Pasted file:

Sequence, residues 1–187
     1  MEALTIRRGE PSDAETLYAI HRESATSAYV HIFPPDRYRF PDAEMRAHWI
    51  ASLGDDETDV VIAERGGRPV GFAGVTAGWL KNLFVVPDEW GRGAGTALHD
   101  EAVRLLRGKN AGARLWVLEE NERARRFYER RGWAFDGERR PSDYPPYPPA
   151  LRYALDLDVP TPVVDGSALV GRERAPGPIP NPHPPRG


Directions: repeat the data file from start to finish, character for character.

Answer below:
Sequence, residues 1–187
     1  MEALTIRRGE PSDAETLYAI HRESATSAYV HIFPPDRYRF PDAEMRAHWI
    51  ASLGDDETDV VIAERGGRPV GFAGVTAGWL KNLFVVPDEW GRGAGTALHD
   101  EAVRLLRGKN AGARLWVLEE NERARRFYER RGWAFDGERR PSDYPPYPPA
   151  LRYALDLDVP TPVVDGSALV GRERAPGPIP NPHPPRG